The isolation and lack of accountability Devon has in these boys’ lives permits them to act more independently; Devon’s remote location might have its appeal to readers, but it does result in the abandonment of its care of its students like Gene and Finny. Devon is not responsible for them as a real school would be, consequently allowing them to engage in dangerous activities.
Gene and Finny’s summer session spent in blatant defiance of the strictness of their Masters serves as an example of their embracement of liberties at the school, further demonstrated by Finny’s bold attempts to befriend the Masters enough to permit their jumping out of trees and missing meals. “The Master was slipping from his official position momentarily, and it was just possible, if Phineas pressed hard enough, that there might be a flow of simple, unregulated friendliness between them, and such flows were one of Finny’s reasons for living” (Knowles 22). Despite the apparent severity of the few adults in the novel, such as the Master who bothers calling Finny out for missing “nine meals in the last two weeks” there seems to be very little care on behalf of the school authorities about the boys on a daily basis when they are getting into trouble (Knowles 22). The boys are left to self-regulate—a practice common for fictional youth in boarding school novels but rarely successful, as would be more likely in reality: “Enough broken rules were enough that night” (Knowles 55). Furthering the idea that boarding school novels are not reflective of reality to the extent they are frequently given credit, in such texts there are no guidance counselor check-ins, no true punishments or scrutinizing of Finny’s fall and Gene’s role in the altercation… this novel is characteristic of a typical young adult novel in which the adults are rarely seen on center stage because they simply do not care. “In some ways, Knowles raises the suspicion that the authorities at Devon were negligent” (Pitofsky 403). The lack of adult attention only serves as a detriment to the wellbeing of these young characters.
A Separate Peace, like so many other young adult boarding school novels, allows its characters to participate in unrealistic activities because of the setting and the freedoms it allows (and, consequently, the loopholes and following trouble the youth find). Because of this, the characters are less relatable and the text is less effective as realistic fiction. Boarding school novels similar to Knowles’ hold their characters to unrealistically low standards and fail to interject responsible adults or realistic roadblocks for the adolescents, rendering them less like reality than audiences often give them credit for.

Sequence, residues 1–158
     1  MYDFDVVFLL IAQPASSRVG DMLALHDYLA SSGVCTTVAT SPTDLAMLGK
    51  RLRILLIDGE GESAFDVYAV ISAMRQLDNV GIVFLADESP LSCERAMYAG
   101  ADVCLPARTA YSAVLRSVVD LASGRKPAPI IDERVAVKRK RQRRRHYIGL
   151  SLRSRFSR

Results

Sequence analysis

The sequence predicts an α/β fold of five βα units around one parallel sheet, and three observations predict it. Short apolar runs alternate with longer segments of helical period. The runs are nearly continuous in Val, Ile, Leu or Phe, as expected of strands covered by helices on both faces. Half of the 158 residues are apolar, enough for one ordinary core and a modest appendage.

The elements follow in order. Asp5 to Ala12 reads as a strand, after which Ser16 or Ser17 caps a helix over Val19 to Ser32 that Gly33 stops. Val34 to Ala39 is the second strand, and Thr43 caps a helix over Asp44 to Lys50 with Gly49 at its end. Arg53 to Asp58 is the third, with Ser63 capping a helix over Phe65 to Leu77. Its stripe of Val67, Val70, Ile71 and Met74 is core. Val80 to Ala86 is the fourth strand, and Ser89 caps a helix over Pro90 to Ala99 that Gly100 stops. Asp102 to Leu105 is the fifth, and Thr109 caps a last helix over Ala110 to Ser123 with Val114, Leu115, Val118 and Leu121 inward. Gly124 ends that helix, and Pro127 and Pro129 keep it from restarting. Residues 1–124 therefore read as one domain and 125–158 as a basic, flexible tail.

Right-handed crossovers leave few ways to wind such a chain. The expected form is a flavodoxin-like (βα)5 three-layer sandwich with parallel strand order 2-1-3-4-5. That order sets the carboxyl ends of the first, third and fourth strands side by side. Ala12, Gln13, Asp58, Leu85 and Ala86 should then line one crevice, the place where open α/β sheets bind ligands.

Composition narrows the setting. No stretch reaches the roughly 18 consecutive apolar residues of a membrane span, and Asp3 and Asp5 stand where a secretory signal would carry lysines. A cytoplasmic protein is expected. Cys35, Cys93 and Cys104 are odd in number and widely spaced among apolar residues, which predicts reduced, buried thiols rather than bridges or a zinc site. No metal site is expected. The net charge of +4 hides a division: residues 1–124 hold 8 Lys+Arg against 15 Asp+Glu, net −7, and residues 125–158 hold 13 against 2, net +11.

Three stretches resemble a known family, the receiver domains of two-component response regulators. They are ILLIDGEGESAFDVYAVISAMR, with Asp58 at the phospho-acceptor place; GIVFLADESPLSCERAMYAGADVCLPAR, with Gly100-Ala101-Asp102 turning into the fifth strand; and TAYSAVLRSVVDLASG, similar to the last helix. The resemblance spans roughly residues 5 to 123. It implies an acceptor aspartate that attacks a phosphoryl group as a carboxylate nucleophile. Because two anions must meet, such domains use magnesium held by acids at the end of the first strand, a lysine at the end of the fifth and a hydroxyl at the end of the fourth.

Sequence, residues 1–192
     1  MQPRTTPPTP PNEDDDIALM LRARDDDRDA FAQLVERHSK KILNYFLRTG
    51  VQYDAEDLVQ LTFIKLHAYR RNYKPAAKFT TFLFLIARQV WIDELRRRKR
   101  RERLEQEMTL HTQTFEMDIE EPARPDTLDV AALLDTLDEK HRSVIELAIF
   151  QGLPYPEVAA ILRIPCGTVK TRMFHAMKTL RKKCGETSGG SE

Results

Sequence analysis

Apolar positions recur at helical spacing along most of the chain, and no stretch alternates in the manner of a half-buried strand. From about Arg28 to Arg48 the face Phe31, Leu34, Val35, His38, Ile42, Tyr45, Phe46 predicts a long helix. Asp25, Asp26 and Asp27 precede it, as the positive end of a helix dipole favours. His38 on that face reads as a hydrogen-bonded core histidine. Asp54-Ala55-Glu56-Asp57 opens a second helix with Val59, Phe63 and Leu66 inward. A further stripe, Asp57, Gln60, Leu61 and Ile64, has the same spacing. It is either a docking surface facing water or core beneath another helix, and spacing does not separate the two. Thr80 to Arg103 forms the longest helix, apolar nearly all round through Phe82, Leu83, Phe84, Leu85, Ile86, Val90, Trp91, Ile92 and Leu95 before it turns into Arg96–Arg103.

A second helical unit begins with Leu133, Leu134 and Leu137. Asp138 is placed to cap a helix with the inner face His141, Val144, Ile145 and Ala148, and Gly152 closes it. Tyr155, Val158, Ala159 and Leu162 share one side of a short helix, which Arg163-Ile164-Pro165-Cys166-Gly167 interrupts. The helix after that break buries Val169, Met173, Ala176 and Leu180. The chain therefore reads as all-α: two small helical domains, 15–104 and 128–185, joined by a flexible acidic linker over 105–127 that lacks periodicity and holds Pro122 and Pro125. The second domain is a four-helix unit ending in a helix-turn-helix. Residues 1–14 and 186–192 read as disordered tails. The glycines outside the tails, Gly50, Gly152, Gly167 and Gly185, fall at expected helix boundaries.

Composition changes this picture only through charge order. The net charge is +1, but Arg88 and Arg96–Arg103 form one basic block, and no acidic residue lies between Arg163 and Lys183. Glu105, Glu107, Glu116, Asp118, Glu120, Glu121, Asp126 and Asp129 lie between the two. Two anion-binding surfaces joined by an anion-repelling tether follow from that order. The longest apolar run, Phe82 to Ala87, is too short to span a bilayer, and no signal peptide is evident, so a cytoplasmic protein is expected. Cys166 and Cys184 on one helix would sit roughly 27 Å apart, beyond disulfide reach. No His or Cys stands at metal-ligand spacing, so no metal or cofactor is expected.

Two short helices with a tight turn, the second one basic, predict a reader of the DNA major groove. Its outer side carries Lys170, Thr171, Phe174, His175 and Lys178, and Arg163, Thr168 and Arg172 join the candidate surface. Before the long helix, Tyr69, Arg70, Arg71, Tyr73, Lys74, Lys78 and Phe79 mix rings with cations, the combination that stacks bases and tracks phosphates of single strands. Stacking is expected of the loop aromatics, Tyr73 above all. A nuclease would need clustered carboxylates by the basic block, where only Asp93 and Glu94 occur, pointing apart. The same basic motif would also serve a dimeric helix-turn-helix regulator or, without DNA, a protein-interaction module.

The Catcher in the Rye reveals the flaws of boarding school young adult literature similarly, emphasizing the lack of adult supervision and necessary interference in the self-regulation of adolescents in order to facilitate their successful coming of age. Protagonist Holden Caulfield spends only a short time at the beginning of the novel at his boarding school, Pencey Prep, but the significance of the setting on his mental health is great, an attribution augmented by the audience’s knowledge of his past failures at multiple other boarding schools. The exposure to competition among the other male characters and Holden’s desperate and successful attempts to depart the school speak to the unrealistic adult supervision in the novel, ridiculously lax even in the 1950s.
Holden’s repeated use of the words “phonies” and “hot-shots” reveal his discomfort with the masculine competition he experienced at boarding school. He identifies the rivalry aspect of the environment as being harmful to his search for a truthful, genuine life that will ideally provide him with some stability. Pitofsky’s review of masculine competition in The Catcher in the Rye substantiates the argument that Holden lacks the ability to find sincere characters in the book because his preparatory school has exposed him to other characters who do not aid him in growth, as a school in reality does intend to provide, as speaks to the nature of education. “The character tries to keep his distance from the materialism and self-importance he associates with ‘hot-shots,’ but boarding-school culture circa 1950 offered no refuge from aggressive masculine competition” (68). Holden is not in an environment that he feels allows him to thrive without threat when he is at one of his many boarding schools.
Holden’s relationship with his roommate, a popular young man by the name of Stradlater, reveals how he interacts with other characters his age, who are intended to be very average depictions of teenagers to highlight Holden’s lack of lucidity. The challenges the struggling protagonist faces (such as writing his paper for him, and attempting to talk to women) are amplified by his complaints that he does not fit in with the other characters, and then the descriptions of those characters going out and succeeding athletically and socially. “[H]e is perpetually reminded that other characters do not view success the way he does” (Pitofsky 74). Holden refers to Stradlater as a man “madly in love with himself” (Salinger 27). Holden’s criticisms of his roommate and even his professors past and present are vapid, judgmental to a point at which they are invalid and instigating even more unruly behavior from Holden that should warrant his institutionalization but do not until much, much later in the novel as a result of his lack of true adult aid at school.